• Improving the focus on building safety during the design, construction and refurbishment phases through: a set of rigorous and demanding dutyholder roles and responsibilities to ensure a stronger focus on building safety. These roles and responsibilities will broadly align with those set out in the Construction (Design and Management) Regulations 2015; a proposed new name for Local Authority Building Control; a series of robust gateway points to strengthen regulatory oversight that will require dutyholders to show to the JCA that their plans are detailed and robust; that their understanding and management of building safety is appropriate; and that they can properly account for the safety of the completed building in order to gain permission to move onto the next phase of work and in due course, allow their building to be occupied; a stronger change control process that will require robust record-keeping by the dutyholder of all changes made to the detailed plans previously signed off by the JCA. More significant changes will require permission from the JCA to proceed; a single, more streamlined, regulatory route to oversee building standards as part of the JCA to ensure that regulatory oversight of these buildings is independent from clients, designers and contractors and that enforcement can and does take place where that is necessary.

 

More rigorous enforcement powers.

  • A wider and more flexible range of powers will be created to focus incentives on the creation of reliably safe buildings from the outset. This also means more serious penalties for those who choose to 'game' the system and place residents at risk. Improving the focus on building safety during the occupation phase; a clear and identifiable dutyholder with responsibility for building safety of the whole building. The dutyholder during occupation and maintenance should maintain the fire and structural safety of the whole building, and identify and make improvements where reasonable and practicable; a requirement on the dutyholder to present a safety case to the JCA at regular intervals to check that building safety risks are being managed so far as is reasonably practicable; clearer rights and obligations for residents to maintain the fire safety of individual dwellings, working in partnership with the dutyholder. a regulator for the whole of the building (the JCA) in relation to fire and structural safety in occupation who can take a proactive, holistic view of building safety and hold dutyholders to account with robust sanctions where necessary.

  • The construction sector and fire safety sector demonstrating more effective leadership for ensuring building safety amongst key roles including an overarching body to provide oversight of competence requirements.

  • Creating a more effective balance between government ownership of building standards and industry ownership of technical guidance.

  • Moving towards a system where ownership of technical guidance rests with industry as the intelligent lead in delivering building safety and providing it with the flexibility to ensure that guidance keeps pace with changing practices with continuing oversight from an organisation prescribed by government.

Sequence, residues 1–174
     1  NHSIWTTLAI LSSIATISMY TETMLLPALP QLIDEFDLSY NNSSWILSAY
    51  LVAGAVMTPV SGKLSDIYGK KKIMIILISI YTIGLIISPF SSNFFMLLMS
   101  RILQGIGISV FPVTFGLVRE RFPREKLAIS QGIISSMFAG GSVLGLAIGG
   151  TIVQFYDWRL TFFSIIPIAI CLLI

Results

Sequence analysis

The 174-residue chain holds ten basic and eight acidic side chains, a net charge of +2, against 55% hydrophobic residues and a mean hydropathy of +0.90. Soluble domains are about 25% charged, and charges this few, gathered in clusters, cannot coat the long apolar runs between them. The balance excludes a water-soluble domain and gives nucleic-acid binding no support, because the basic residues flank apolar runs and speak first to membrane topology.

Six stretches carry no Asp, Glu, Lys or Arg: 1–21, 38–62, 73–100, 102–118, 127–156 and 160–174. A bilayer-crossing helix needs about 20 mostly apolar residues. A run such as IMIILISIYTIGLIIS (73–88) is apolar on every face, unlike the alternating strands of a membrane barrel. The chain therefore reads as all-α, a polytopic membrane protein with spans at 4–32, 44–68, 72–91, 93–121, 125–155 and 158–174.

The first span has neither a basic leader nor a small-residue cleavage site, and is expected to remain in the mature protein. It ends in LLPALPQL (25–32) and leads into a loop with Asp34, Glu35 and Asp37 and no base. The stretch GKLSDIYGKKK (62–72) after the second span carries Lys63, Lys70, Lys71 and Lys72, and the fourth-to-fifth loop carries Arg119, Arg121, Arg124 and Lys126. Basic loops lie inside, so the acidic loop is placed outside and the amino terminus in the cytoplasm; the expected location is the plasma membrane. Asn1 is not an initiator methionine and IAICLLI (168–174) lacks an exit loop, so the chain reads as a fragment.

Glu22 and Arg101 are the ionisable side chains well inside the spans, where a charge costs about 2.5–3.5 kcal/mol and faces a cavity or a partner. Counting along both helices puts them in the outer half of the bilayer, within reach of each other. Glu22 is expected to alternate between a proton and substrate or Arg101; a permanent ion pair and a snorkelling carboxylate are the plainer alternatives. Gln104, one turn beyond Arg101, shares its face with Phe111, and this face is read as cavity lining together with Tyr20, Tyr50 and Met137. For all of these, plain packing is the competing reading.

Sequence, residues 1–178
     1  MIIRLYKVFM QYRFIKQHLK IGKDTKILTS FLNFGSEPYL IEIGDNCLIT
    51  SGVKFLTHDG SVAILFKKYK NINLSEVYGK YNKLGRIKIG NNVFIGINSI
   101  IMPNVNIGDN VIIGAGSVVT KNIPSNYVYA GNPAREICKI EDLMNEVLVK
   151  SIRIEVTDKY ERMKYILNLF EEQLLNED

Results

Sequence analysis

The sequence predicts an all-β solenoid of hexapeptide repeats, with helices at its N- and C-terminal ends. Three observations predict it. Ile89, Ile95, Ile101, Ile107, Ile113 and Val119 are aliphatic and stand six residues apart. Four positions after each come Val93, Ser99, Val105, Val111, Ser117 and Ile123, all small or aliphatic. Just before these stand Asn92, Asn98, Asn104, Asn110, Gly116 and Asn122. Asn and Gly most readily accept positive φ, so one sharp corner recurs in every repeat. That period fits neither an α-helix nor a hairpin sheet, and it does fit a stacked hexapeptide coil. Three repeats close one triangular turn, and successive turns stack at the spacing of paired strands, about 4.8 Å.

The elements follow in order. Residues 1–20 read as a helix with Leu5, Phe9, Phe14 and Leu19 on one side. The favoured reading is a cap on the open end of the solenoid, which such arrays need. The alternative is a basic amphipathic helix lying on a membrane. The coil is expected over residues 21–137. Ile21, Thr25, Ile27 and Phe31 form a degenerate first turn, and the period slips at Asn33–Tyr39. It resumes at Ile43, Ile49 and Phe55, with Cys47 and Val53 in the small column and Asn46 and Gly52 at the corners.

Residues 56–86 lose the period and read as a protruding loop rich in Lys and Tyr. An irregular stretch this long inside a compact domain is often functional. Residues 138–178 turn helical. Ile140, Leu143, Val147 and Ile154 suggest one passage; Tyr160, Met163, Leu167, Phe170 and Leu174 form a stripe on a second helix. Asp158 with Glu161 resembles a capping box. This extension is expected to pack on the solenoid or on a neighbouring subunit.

• A package of regulations and guidance that is simpler to navigate but that genuinely reflects the level of complexity of the building work. This new approach will reinforce the concept of delivering building safety as a system rather than by considering a series of competing or isolated objectives.

  • Creating a more robust and transparent construction products regime through a more effective testing regime with clearer labelling and product traceability, including a periodic review process of test methods and the range of standards in order to drive continuous improvement and higher performance and encourage innovative product and system design under better quality control. This regime would be underpinned by a more effective market surveillance system operating at a national level.

  • Creating a golden thread of information about each HRRB by obligating the creation of a digital record for new HRRBs from initial design intent through to construction and including any changes that occur throughout occupation. This package of building information will be used by the dutyholders to demonstrate to the regulator the safety of the building throughout its life cycle.

  • Tackling poor procurement practices including through the roles and responsibilities set out above, to drive the right behaviours to make sure that high-safety, low-risk options are prioritised and full life cycle cost is considered when a building is procured.

  •  Ensuring continuous improvement and bestpractice learning through membership of an international body. The recommendations in this report relate predominantly to HRRBs which will be overseen by the JCA. However, it is made clear in the following chapters where the review believes that there would be merit in certain aspects of the new regulatory framework applying to a wider set of buildings.

Picture: Dame Judith Hackitt.

 

 

To read the Independent Review of Building Regulations and Fire Safety: final report - Click Here

Article written by Brian Shillibeer